(3) "The trial court erroneously admitted, over defense objection, a gun, stun gun and duct tape as evidence of an uncharged robbery." Id. at 7-8.

(4) "The court should have suppressed the weapon and other items recover [sic] from the ground by the police as the fruit of an unlawful search and seizure." Id. at 8.

(5) "The Defendant's due process rights were violated when the prosecution allow[e]d irrelevant hearsay testimony to be presented to the Grand Jury." Id.

The respondent submitted its opposition papers ("Resp. Mem.") on May 10, 2006. Neloms submitted a reply brief on October 13, 2006. See Reply Memorandum of Law Answering Respondent's Opposition to Petition for Writ of Habeas Corpus ("Reply Mem.") (Docket #14).

II. ANALYSIS

Pursuant to 28 U.S.C. § 2254(a), federal habeas review is available for a state prisoner "only on the ground that he is in custody in violation of the Constitution or laws or treaties of the United States." Errors of state law are not subject to federal habeas review. See, e.g., Estelle v. McGuire, 502 U.S. 62, 67-68 (1991). To be entitled to habeas relief, a petitioner must first demonstrate that the conviction resulted from a state court decision that violated federal law. See, e.g., id. at 68.

In addition, a petition for a writ of habeas corpus may not be granted with respect to any claim that has been "adjudicated on the merits" in the state courts unless the state court's adjudication:

(1) resulted in a decision that was contrary to, or involved an unreasonable application of, clearly established Federal law, as determined by the Supreme Court of the United States; or (2) resulted in a decision that was based on an unreasonable determination of the facts in light of the evidence presented in the State court proceeding.

28 U.S.C. § 2254(d).

For a claim to be "adjudicated on the merits" within the meaning of 28 U.S.C. § 2254(d), it must "finally resolv[e] the parties' claims, with res judicata effect," and it must be "based on the substance of the claim advanced, rather than on a procedural, or other, ground." Sellan v. Kuhlman, 261 F.3d 303, 311 (2d Cir. 2001). As long as "there is nothing in its decision to indicate that the claims were decided on anything but substantive grounds," a state court decision will be considered to be "adjudicated on the merits" even if it fails to mention the federal claim and no relevant federal case law is cited. See Aparicio v. Artuz, 269 F.3d 78, 94 (2d Cir. 2001); accord Jimenez v. Walker, 458 F.3d 130, 147 (2d Cir. 2006) ("When applying § 2254(d)'s 'unreasonable application' clause to silent state-court opinions, we review outcomes, not reasoning.") (citing Sellan, 261 F.3d at 311-12), cert. denied, 127 S.Ct. 976 (2007); Rosa v. McCray, 396 F.3d 210, 220 (2d Cir.) ("This standard of review applies whenever the state court has adjudicated the federal claim on the merits, regardless of whether the court has alluded to federal law in its decision."), cert. denied, 126 S.Ct. 215 (2005). Moreover, a state court's determination of a factual issue is "presumed to be correct" and that presumption may be rebutted only "by clear and convincing evidence." 28 U.S.C. § 2254(e)(1).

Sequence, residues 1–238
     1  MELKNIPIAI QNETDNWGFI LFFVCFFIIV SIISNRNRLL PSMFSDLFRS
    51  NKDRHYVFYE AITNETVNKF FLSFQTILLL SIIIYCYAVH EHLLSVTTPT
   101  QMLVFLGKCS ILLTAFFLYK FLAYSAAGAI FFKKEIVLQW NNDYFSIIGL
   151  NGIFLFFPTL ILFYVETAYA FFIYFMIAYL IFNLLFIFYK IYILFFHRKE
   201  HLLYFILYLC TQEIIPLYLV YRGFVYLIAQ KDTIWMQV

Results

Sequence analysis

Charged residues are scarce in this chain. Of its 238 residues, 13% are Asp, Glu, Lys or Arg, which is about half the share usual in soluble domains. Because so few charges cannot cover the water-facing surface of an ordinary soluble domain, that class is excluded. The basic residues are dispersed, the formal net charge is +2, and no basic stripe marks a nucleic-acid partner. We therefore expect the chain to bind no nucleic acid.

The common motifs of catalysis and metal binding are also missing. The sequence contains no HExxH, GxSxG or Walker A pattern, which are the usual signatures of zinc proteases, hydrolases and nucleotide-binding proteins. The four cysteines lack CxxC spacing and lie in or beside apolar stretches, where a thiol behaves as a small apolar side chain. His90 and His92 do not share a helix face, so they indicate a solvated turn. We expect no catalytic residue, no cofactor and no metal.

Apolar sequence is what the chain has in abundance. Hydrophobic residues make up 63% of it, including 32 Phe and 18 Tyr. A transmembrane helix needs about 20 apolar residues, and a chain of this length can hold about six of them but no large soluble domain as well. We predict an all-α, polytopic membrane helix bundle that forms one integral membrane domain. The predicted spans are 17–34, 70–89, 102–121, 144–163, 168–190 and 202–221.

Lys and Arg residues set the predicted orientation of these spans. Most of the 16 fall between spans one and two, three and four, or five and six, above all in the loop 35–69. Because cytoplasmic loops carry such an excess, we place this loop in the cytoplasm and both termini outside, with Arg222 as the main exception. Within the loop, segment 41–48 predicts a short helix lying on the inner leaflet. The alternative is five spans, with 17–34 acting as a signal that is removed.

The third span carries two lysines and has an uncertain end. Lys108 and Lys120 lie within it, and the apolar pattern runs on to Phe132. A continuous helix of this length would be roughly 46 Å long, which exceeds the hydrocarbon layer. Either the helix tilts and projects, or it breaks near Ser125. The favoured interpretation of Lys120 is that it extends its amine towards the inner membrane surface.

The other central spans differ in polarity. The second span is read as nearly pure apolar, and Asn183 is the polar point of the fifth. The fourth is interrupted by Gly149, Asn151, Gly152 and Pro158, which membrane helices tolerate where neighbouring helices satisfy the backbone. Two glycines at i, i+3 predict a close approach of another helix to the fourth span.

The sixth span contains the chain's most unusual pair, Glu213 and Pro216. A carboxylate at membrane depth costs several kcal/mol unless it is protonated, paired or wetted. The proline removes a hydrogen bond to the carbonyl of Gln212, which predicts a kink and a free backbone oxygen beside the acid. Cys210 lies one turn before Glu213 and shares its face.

In Williams v. Taylor, the Supreme Court held that a state court decision is "'contrary to'" clearly established federal law only "if the state court applies a rule that contradicts the governing law set forth" in Supreme Court precedent or "if the state court confronts a set of facts that are materially indistinguishable from a decision of [the Supreme Court] and nevertheless arrives" at a different result. 529 U.S. 362, 405-06 (2000). Williams also held that habeas relief is available under the "'unreasonable application'" clause only "if the state court identifies the correct governing legal principle from [the Supreme Court's] decisions but unreasonably applies that principle to the facts of the prisoner's case." Id. at 413. A federal court may not grant relief "simply because that court concludes in its independent judgment that the relevant state-court decision applied clearly established federal law erroneously or incorrectly." Id. at 411. Rather, the state court's application must have been "objectively unreasonable." Id. at 409.

III. DISCUSSION

A. Insufficiency of the Evidence Claim

Neloms's claim that the evidence at trial was insufficient to convict him of second-degree gun possession is cognizable under the Due Process Clause of the Fourteenth Amendment, which prohibits a criminal conviction "except upon proof beyond a reasonable doubt of every fact necessary to constitute the crime." In re Winship, 397 U.S. 358, 364 (1970). In light of Winship, the Supreme Court has held that when reviewing a state court conviction, a federal habeas court must consider whether there was "sufficient evidence to justify a rational trier of the facts to find guilt beyond a reasonable doubt." Jackson v. Virginia, 443 U.S. 307, 313 (1979).